After taking a closer look, he donned his scuba gear and entered the water. Aware of the size and strength of the animal he cautiously approached it. He said that initially the animal tried to move away from him and so he kept his distance, but after a while the animal seemed to understand why Magnus was in the water and what he was trying to do. Without touching the whale, Magnus cut the rope at one side of the mouth (approximately 6ft below the jaw), which then under the weight of the gear, flossed through the mouth releasing the animal, which swam off gear free and with only minor visible wounds.
While Magnus’ actions likely saved the life of this animal, and proves how vital fishermen’s skills and knowledge of their local waters and the marine life that inhabit them, attempting to disentangle an animal can put you and the animal in a very dangerous position. Whales care extremely powerful and unpredictable wild animals, which when entangled are also likely to be panicked.
If you encounter an entangled marine animal (live or dead), PLEASE DO NOT ENTER THE WATER! Instead please contact SEA on 01463 243030 or 07393 798153 (outside office hours, this will connect you directly to the SEA project co-ordinator Ellie MacLennan), who will be able to offer advice, guidance and if required, dispatch a support vessel and specially trained disentanglement team. More information on what to do if you encounter an entangled marine animal can be found here: https://www.scottishentanglement.org/downloads/
During entanglement incidents such as the one detailed above, the skills and expertise fishermen have in boat handling and rope work, together with their knowledge of their gear and local seascape are vital to ensure that they, their boat, crew and gear are safe and the animal in question is released unharmed. Receiving this sort of extremely useful information from the fishing community is a major strength of this SEA project and we welcome detailed accounts of other successful releases at sea. As the SEA project progresses, fishermen will be invited to participate in training and knowledge exchange workshops in photographing live entangled marine animals and sampling those that have been discovered dead. This will enable SEA partners to build our knowledge of how animals become entangled, assist in future rescue attempts and gear recovery, and improve our ability to assess the impacts of other threats including chemical pollutants, disease, plastic waste and underwater noise. These events will also provide a platform for fisherman-led discussions and exchange of ideas on what potential approaches could be taken to minimise the risk of entanglements occurring which are practical, flexible, and do not interfere with or disrupt fishing activity.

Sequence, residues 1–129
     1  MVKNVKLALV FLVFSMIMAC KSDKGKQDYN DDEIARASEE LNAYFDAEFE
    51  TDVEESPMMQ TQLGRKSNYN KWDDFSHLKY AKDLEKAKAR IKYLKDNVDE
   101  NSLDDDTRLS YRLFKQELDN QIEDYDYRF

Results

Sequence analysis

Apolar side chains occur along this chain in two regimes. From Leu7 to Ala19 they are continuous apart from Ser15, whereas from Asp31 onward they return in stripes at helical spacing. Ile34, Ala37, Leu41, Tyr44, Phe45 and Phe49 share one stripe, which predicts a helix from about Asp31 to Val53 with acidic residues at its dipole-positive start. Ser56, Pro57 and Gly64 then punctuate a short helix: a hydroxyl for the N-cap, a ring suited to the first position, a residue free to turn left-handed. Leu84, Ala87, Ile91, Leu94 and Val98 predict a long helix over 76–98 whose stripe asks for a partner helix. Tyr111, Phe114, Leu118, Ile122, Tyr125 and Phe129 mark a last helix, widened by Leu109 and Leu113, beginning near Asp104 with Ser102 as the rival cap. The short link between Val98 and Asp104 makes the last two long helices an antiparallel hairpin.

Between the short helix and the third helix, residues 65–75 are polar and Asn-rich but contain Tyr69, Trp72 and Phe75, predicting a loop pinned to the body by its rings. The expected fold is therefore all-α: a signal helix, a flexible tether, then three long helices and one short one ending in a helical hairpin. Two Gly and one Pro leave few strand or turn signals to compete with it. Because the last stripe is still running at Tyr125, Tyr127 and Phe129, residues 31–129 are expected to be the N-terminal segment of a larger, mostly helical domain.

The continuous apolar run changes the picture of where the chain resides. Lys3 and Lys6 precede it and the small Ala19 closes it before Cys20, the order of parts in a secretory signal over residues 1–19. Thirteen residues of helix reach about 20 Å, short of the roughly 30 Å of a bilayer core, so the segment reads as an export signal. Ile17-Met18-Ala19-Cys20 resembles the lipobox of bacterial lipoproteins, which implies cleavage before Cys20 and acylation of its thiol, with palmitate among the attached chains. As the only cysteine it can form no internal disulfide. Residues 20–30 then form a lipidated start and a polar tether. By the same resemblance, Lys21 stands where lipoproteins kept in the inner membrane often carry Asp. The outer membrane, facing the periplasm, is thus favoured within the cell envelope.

If you are a creel fisherman and would be willing to participate in a short anonymous interview, or you have any stories or ideas relating to marine animal entanglement please contact Ellie MacLennan (SEA project co-ordinator) at firstname.lastname@example.org or on 07393 798153. Any information shared will be treated sensitively, positively and confidentially.